This inclusive approach and empowering message resonates among Indigenous and Afro descending populations, in particular among women. Anachnid’s song Now Wow We, written in collaboration with the Congolese-Canadian artist Annie Sama in 2018 has recently been chosen by the clothing store Reitmans to empower women and support charity causes.
“Vamos a unirnos” (Let’s unite). This is also what Anachnid repeats on Now Wow We, as a solidarity gesture towards her Mexican Indigenous sisters, many of whom have disappeared in the border city of Ciudad Juarez.
The Woman from the sky who falls on earth
Sky Woman. It is the title of the last song on the album, but it’s also the meaning of Anachnid’s Indigenous name. She was called after the legend of the creation of the Earth, when Sky Woman, who lives with her people in the sky, is betrayed by her husband. She falls from the sky and is saved by animals, who accommodate her on the back of a turtle, thus creating the world as we know it.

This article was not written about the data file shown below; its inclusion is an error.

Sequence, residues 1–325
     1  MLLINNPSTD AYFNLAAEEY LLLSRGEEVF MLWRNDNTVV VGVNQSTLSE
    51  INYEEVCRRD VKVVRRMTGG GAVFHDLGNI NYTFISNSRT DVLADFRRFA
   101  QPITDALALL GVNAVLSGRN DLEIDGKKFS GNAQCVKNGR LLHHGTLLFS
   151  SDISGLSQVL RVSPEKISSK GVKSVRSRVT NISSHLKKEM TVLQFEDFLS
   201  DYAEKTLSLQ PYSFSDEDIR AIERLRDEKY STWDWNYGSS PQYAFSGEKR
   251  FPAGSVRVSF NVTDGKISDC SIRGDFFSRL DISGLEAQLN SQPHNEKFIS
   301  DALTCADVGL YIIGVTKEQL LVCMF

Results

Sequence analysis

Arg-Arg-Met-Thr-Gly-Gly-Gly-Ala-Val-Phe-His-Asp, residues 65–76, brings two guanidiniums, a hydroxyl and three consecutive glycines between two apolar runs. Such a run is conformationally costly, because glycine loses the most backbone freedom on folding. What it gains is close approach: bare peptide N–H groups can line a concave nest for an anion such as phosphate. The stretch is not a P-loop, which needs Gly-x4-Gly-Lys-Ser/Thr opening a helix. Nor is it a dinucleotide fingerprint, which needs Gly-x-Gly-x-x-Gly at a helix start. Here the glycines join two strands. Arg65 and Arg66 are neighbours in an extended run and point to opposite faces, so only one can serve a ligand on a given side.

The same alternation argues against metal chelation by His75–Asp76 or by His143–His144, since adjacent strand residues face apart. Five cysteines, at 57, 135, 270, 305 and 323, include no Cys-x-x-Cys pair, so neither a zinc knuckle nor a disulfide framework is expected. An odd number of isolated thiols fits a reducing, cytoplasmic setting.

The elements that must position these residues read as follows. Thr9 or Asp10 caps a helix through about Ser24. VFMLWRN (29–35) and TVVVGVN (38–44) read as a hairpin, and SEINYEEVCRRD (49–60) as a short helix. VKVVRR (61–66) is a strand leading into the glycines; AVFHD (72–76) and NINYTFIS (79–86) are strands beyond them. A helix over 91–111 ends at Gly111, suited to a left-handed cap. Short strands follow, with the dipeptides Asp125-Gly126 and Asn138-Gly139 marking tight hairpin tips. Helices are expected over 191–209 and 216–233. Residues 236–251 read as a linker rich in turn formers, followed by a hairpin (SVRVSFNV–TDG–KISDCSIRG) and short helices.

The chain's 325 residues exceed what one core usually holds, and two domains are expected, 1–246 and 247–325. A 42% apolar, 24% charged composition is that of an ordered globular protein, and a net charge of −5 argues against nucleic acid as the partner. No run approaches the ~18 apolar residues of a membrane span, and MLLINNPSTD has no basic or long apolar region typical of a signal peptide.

Anachnid tells that her final song is meant to empower women:
“In the end (the Sky Woman) says: ‘I am the light at night / Your hate can’t reach so high’. No matter what someone does to her, her inner core will stay intact. I think that’s what empowerment is: you don’t take things too personal. You just focus on you. And that’s what the album is about.”
Read our previous Safe & Sound music columns :
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- Montreal’s Indian summer is African this year. And it lasts 34 days
- In Eastern Canada, Musique Nomade stands by Indigenous musicians
- Orientalys festival brings music to the virtual stage, ‘as if you were there’
- US and Canadian festivals team up for a month of virtual world music shows
- Montreal’s Mural Estival closes the summer with street art and music
- “Fait Vivir”, a road movie about Canadian music gypsies in Colombia
- Music industry delegates meet online at a new global conference in Toronto
- Brazilian artist Diogo Ramos sings his love for Quebec, diversity and freedom